Report details horror, heroism during San Bernardino shooting

September 10, 2016 7:11 AM EDT

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(Reuters) - A report into last year's shooting rampage by a husband and wife in San Bernardino, California, reveals how three county workers battled to stop the shooters as they sprayed bullets into a conference room full of their colleagues.

The report released on Friday describes the carnage found by rescue workers after Syed Rizwan Farook and his wife Tashfeen Malik opened fire during a Dec. 2 party and training session at the Inland Regional Center for San Bernardino County health workers, killing 14 people and wounding 24 others.

Authorities have said the couple -- who were killed by police during a shootout -- were inspired by Islamist militancy, and have called it the deadliest such attack on U.S. soil since Sept. 11, 2001.

The 141-page document by the Police Foundation describes how three male county workers "tried to stop the shooters by rushing one of the gunmen but all three were shot." It did not say if the three men were among the 14 killed in the assault.

The dispatch also contains new details about the horrific scene discovered by first responders when they entered the conference room.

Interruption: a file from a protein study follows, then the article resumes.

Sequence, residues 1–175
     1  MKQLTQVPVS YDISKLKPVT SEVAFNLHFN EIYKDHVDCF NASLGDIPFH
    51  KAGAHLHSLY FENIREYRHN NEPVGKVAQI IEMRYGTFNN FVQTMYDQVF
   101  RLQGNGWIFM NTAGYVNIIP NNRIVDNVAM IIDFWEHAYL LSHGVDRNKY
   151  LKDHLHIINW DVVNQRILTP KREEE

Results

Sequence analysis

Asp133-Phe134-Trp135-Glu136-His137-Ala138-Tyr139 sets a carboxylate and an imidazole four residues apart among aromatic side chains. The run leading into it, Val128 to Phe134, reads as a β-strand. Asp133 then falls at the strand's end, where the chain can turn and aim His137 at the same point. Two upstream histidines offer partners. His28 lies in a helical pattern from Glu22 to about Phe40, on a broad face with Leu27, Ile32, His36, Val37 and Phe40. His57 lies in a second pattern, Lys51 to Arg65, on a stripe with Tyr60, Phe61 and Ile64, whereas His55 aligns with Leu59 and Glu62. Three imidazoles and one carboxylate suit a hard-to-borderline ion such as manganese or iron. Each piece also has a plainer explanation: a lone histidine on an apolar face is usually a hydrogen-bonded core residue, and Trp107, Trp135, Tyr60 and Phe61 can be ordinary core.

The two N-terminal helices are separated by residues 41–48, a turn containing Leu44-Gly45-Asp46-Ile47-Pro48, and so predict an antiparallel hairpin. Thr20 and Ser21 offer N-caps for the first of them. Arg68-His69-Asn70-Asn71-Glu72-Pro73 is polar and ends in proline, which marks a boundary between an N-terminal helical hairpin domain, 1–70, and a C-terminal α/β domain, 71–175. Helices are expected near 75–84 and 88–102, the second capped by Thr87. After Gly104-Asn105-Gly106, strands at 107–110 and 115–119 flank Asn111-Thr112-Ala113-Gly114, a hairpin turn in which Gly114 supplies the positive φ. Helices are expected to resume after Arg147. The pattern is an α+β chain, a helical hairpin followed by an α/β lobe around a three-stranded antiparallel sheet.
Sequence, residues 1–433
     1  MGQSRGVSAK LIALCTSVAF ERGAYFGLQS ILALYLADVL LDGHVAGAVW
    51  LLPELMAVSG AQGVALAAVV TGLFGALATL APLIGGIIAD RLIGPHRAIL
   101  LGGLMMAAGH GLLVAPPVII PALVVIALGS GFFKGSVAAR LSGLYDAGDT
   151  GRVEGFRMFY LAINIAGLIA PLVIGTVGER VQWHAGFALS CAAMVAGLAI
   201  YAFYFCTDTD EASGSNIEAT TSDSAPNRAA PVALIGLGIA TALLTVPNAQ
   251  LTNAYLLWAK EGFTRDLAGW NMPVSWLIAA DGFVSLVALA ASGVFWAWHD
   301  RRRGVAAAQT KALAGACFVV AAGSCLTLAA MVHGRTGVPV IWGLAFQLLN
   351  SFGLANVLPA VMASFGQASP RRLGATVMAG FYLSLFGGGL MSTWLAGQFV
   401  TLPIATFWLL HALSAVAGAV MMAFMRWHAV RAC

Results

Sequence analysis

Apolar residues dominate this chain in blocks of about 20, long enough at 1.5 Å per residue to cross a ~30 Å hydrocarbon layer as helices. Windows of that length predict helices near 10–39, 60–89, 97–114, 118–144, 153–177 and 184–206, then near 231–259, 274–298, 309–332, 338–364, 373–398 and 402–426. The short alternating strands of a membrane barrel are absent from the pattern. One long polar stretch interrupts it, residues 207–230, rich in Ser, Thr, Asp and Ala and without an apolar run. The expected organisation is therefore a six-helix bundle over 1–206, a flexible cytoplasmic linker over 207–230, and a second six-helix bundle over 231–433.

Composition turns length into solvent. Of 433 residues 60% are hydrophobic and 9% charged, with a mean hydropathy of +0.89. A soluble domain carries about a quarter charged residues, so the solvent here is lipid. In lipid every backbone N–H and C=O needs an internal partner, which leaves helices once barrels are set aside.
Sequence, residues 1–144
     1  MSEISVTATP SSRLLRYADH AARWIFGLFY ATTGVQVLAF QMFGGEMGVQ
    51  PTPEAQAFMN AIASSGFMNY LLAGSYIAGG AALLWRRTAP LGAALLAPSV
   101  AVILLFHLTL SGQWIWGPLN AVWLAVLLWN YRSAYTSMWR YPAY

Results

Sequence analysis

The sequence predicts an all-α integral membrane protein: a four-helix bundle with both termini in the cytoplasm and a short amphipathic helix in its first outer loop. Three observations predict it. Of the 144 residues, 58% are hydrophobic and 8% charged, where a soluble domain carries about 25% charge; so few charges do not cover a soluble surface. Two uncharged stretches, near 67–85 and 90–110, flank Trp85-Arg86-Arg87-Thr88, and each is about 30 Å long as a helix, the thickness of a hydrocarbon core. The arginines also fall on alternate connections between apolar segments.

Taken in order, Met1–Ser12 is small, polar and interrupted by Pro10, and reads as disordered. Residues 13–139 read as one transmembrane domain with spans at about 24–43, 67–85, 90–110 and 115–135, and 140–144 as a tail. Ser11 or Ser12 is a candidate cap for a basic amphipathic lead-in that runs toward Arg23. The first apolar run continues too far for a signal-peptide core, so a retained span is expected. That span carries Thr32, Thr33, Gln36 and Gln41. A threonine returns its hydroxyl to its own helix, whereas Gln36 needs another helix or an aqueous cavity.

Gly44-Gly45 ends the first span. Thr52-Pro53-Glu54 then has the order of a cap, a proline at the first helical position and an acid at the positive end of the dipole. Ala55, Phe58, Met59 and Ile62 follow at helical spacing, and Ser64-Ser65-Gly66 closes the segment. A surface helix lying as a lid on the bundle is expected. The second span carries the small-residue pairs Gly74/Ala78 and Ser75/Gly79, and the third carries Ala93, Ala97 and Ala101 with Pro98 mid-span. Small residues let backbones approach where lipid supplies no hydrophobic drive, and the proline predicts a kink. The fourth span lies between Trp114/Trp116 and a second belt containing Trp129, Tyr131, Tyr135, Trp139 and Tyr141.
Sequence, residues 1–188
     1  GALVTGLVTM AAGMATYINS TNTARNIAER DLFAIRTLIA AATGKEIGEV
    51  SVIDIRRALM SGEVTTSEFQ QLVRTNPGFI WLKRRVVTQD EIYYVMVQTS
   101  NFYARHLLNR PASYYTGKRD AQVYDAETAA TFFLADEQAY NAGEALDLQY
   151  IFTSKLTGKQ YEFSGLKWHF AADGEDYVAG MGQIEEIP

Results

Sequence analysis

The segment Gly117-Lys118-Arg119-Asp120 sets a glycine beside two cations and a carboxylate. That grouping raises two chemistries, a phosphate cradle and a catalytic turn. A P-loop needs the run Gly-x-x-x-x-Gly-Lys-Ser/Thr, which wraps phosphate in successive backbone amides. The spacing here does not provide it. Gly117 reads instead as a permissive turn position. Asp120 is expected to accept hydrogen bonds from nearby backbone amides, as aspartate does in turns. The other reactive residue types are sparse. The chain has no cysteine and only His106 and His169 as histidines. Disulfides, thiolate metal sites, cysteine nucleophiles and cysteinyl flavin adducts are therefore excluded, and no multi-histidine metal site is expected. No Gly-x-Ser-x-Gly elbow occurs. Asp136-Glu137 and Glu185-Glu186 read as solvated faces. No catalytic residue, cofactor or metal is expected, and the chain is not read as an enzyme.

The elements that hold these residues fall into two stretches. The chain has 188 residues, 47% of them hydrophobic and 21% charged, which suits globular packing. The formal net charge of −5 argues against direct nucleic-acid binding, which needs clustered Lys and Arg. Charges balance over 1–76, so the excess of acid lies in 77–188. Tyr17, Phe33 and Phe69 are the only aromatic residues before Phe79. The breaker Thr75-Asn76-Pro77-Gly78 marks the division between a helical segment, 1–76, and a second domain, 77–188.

"It looked like a bomb had gone off. Bodies were strewn across the floor. Many had devastating wounds. Blood was everywhere. The smell of gunpowder filled their nostrils and the sprinklers sounded like they were hissing," it said.

It revealed that the gunmen had left three pipe bombs that they planned to detonate remotely as emergency workers cared for the wounded.

"It is a frequent practice used in terrorist incidents," the report said. The devices were detonated by a bomb squad.

Friday's report concluded that the first response by police to the shooting was "exemplary" and likely saved lives.

"First responders acted with courage and discipline – using their training and skills to act quickly and decisively in a horrifying situation," it said.

However, the review highlighted the challenges faced by first responders and investigators from different agencies, including overlapping responsibilities and different protocols in dealing with hundreds of witnesses and three different crime scenes.

"It is imperative to examine, analyze and learn from police-involved critical incidents in an effort to continually improve. Certainly, that is true of this incident," wrote Jim Bueermann, the president of the foundation, in a letter introducing the report.

(Reporting by Brendan O'Brien in Milwaukee; Editing by Helen Popper)

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